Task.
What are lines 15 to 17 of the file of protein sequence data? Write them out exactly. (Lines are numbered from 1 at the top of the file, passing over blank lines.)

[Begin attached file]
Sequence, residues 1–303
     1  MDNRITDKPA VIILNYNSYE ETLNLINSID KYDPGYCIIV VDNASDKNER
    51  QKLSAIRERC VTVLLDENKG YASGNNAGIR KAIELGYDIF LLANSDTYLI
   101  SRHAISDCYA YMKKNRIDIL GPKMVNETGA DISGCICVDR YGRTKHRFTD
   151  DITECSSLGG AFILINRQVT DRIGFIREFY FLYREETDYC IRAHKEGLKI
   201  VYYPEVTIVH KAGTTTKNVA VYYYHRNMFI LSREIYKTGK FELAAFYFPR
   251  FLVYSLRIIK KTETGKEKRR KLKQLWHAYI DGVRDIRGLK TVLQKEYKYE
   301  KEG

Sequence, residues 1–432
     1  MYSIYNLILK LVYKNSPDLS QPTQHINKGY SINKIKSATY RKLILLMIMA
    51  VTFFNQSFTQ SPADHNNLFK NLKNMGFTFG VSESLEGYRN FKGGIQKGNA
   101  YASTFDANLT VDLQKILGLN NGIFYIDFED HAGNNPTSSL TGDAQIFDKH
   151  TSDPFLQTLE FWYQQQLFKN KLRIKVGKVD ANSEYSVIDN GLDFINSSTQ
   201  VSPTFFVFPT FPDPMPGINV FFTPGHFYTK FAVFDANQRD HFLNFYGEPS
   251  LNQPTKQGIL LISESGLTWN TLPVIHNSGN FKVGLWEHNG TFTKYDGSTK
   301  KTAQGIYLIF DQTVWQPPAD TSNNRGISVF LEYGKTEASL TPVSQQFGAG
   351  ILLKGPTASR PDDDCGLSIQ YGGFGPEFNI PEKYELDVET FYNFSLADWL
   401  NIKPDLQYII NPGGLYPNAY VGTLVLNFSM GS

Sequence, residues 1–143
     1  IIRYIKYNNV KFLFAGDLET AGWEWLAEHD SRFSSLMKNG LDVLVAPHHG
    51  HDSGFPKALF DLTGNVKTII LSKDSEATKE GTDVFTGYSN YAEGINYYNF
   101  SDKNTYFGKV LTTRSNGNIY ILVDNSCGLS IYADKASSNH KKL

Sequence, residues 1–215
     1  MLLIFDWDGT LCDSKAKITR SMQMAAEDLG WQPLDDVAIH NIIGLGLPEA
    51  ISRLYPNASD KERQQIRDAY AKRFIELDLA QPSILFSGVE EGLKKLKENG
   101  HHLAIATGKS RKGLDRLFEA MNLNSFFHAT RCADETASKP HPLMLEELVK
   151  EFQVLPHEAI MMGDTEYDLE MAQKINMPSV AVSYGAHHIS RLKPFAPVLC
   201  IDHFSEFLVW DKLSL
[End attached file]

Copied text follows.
   251  LNQPTKQGIL LISESGLTWN TLPVIHNSGN FKVGLWEHNG TFTKYDGSTK
   301  KTAQGIYLIF DQTVWQPPAD TSNNRGISVF LEYGKTEASL TPVSQQFGAG
   351  ILLKGPTASR PDDDCGLSIQ YGGFGPEFNI PEKYELDVET FYNFSLADWL